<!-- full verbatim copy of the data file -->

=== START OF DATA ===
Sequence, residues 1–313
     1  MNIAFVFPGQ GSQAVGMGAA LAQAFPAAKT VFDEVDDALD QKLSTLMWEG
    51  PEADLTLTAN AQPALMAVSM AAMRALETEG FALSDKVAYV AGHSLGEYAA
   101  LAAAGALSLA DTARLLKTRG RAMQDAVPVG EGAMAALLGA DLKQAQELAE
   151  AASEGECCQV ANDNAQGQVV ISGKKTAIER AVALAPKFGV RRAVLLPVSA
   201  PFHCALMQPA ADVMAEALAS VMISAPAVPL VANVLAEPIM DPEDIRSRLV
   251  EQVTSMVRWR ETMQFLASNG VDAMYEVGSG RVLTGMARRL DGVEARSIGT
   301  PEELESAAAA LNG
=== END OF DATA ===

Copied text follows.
Sequence, residues 1–313
     1  MNIAFVFPGQ GSQAVGMGAA LAQAFPAAKT VFDEVDDALD QKLSTLMWEG
    51  PEADLTLTAN AQPALMAVSM AAMRALETEG FALSDKVAYV AGHSLGEYAA
   101  LAAAGALSLA DTARLLKTRG RAMQDAVPVG EGAMAALLGA DLKQAQELAE
   151  AASEGECCQV ANDNAQGQVV ISGKKTAIER AVALAPKFGV RRAVLLPVSA
   201  PFHCALMQPA ADVMAEALAS VMISAPAVPL VANVLAEPIM DPEDIRSRLV
   251  EQVTSMVRWR ETMQFLASNG VDAMYEVGSG RVLTGMARRL DGVEARSIGT
   301  PEELESAAAA LNG